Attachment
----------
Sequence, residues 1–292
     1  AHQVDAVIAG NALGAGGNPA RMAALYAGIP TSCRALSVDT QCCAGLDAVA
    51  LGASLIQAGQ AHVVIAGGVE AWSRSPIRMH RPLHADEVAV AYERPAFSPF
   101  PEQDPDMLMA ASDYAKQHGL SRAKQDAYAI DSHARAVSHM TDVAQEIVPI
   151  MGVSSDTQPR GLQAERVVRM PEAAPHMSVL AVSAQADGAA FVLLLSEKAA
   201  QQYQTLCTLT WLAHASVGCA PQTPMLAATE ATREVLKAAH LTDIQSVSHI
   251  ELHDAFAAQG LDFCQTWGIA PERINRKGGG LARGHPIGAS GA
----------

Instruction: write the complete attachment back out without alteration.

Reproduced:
Sequence, residues 1–292
     1  AHQVDAVIAG NALGAGGNPA RMAALYAGIP TSCRALSVDT QCCAGLDAVA
    51  LGASLIQAGQ AHVVIAGGVE AWSRSPIRMH RPLHADEVAV AYERPAFSPF
   101  PEQDPDMLMA ASDYAKQHGL SRAKQDAYAI DSHARAVSHM TDVAQEIVPI
   151  MGVSSDTQPR GLQAERVVRM PEAAPHMSVL AVSAQADGAA FVLLLSEKAA
   201  QQYQTLCTLT WLAHASVGCA PQTPMLAATE ATREVLKAAH LTDIQSVSHI
   251  ELHDAFAAQG LDFCQTWGIA PERINRKGGG LARGHPIGAS GA